Here's how Black Mirror season 5, episode 1, "Striking Vipers", fits into the Netflix show's shared universe. While Black Mirror is an anthology show, there are enough Easter eggs and recurring themes to place them on a timeline. "Striking Vipers" has the most connections to season 3's "Playtest", although the final narrative outcomes are much different for the main players involved.
Black Mirror season 3's "Playtest" focuses on a test gone wrong. The episode follows an American traveler in England (Cooper, played by Wyatt Russell) who needs money, and volunteers to be a research subject for a famous video game developer. He’s briefly (and knowingly) immersed into a horror-themed virtual reality, but dies when an incoming cell phone signal disrupts a VR upload sequence. In Black Mirror season 5, "Striking Vipers" features two adult male friends (Anthony Mackie's Danny and Yahya Abdul-Mateen II's Karl) who begin a sexual relationship within a virtual reality video game as different people. In real life, they discover there’s no physical attraction, but the pals continue to have monthly VR sex, with the approval of Danny's wife.
Not only do both these Black Mirror episodes see characters embrace new technology for practical reasons, they're doing so with the same tech. In "Playtest", Cooper spots an online job opportunity and seeks out famous video game developer Shou Saito, the founder of SaitoGemu. In “Striking Vipers,” the Striking Vipers X (Immersive VR Edition) game that reunites by Danny and Karl is published by SaitoGemu, as evidenced by their logo on the box.
These are the primary references to SaitoGemu in Black Mirror, but certainly not the only ones. The company was also referenced in a news ticker during the Black Mirror season 3 episode "Hated in the Nation", and in both season 5 episodes, "Smithereens" and "Rachel, Jack and Ashley Too" by hashtags and news ticker respectively. It would appear that "Striking Vipers" occurs later in the timeline than the majority, after the technology is popularized.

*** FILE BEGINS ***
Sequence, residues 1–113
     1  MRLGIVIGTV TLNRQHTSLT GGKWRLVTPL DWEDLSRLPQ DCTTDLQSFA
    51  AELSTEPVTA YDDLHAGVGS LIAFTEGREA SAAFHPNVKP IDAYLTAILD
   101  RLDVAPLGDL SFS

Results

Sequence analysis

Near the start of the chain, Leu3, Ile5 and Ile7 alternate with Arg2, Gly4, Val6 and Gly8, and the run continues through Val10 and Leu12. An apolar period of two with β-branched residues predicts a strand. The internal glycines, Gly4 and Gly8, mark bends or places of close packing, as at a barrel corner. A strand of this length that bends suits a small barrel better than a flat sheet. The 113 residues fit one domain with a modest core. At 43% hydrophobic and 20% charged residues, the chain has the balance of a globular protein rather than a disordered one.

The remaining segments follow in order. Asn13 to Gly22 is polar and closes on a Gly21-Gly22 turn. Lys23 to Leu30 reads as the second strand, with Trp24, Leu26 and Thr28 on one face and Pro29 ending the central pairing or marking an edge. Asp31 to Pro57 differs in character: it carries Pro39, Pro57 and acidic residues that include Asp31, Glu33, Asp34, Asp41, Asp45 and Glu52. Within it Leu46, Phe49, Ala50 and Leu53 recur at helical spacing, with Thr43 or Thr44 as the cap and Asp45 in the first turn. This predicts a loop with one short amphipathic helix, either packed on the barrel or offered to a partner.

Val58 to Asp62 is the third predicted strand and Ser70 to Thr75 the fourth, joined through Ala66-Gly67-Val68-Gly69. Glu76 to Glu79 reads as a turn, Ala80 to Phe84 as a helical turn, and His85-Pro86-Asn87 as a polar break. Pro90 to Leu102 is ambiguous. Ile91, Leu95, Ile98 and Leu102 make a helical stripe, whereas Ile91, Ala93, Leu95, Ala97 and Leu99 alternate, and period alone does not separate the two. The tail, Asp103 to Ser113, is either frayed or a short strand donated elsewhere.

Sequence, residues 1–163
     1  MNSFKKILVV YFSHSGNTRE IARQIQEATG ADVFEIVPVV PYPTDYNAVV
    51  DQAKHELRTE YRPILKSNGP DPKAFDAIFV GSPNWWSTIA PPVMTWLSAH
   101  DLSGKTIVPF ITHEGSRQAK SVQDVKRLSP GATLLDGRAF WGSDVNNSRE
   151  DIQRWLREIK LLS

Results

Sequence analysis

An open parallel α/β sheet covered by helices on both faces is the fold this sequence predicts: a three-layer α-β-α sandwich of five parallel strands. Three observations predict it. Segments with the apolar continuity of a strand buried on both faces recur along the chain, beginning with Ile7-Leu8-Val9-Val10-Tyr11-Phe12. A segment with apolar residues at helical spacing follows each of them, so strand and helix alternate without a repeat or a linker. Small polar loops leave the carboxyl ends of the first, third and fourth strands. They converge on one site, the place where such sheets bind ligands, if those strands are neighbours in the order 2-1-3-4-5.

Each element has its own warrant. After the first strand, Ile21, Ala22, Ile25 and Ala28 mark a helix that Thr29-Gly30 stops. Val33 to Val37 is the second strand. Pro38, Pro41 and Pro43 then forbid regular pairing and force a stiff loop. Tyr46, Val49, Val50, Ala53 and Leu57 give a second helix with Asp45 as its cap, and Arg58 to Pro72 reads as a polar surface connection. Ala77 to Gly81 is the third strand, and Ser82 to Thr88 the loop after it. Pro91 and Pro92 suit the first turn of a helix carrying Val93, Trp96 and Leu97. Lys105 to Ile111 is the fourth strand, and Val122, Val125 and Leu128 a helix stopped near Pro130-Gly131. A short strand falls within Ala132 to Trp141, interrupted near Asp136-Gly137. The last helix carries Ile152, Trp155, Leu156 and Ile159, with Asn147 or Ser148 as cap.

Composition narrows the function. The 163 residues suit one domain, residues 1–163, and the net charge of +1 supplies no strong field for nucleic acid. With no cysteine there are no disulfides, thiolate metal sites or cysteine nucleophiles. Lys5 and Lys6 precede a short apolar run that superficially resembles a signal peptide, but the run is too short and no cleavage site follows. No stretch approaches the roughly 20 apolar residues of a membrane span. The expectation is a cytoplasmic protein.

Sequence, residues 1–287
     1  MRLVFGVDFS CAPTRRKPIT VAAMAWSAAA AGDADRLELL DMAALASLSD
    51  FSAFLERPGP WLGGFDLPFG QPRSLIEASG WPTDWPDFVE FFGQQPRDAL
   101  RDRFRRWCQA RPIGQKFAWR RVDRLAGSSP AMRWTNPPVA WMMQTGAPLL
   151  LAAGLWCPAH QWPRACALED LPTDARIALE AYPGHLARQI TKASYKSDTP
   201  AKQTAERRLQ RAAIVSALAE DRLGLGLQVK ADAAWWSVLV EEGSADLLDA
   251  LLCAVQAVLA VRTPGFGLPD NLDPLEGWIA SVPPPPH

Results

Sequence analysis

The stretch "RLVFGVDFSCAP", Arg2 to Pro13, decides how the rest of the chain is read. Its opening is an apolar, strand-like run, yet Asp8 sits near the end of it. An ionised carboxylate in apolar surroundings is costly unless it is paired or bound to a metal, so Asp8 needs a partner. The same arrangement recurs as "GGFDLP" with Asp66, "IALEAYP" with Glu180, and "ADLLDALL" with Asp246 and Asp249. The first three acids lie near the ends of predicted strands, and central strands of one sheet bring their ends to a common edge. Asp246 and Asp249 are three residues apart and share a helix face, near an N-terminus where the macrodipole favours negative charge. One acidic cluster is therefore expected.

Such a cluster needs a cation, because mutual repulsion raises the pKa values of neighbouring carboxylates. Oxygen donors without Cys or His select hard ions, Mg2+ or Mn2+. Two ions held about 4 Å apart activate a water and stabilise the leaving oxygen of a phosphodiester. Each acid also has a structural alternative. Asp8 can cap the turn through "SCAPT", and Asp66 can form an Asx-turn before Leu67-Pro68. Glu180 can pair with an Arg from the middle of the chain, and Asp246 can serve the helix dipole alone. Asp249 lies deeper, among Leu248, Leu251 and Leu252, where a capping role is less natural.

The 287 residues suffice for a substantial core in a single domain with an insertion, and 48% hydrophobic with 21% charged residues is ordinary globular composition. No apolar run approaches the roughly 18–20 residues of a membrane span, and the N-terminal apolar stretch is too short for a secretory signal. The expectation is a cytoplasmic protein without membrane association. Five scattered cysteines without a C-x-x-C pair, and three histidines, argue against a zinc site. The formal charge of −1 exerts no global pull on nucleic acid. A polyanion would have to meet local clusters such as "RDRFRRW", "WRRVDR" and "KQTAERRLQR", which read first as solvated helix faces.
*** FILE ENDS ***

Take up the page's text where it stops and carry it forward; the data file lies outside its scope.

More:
The world-building doesn't end there, however. The VR add-on that enables the game is made by TCKR System, the company responsible for creating the virtual reality in "San Junipero," and where Rolo Haynes from "Black Museum" previously worked. This deepens the world but also further explains the connections between the two primary episodes. In "Playtest," the SaitoGemu virtual reality technology uses a “mushroom" inserted into the back of the neck, which appears to be quite similar to the "disc doohickey" used in "Striking Vipers." In the season 5 episode, it appears that SaitoGemu’s mushroom technology is now part of TCKR's VR add-on, allowing Karl and Danny to instantaneously transport into a virtual reality existence.
It's not just the world of Black Mirror that connects "Playtest" and "Striking Vipers." The concepts of time and personal development are crucial to both episodes. Cooper doesn’t quite understand what will happen at SaitoGemu, or what he’s supposed to see. In contrast, Danny and Karl schedule their first VR meeting in "Striking Vipers" without understanding how they’ll react to each other, or how long they might stay within the video game world. Both episodes feature safe words (“Stop,” “Exit Game”), yet neither work: Cooper’s SaitoGemu VR experience ends just as it begins (0.04 seconds), whereas “Striking Vipers” ends with Danny and Karl scheduling VR sex sessions once a month on a Friday night. Thanks to Cooper's failed experiment in "Playtest," Danny and Karl are able to better understand themselves as people. They learn how to live.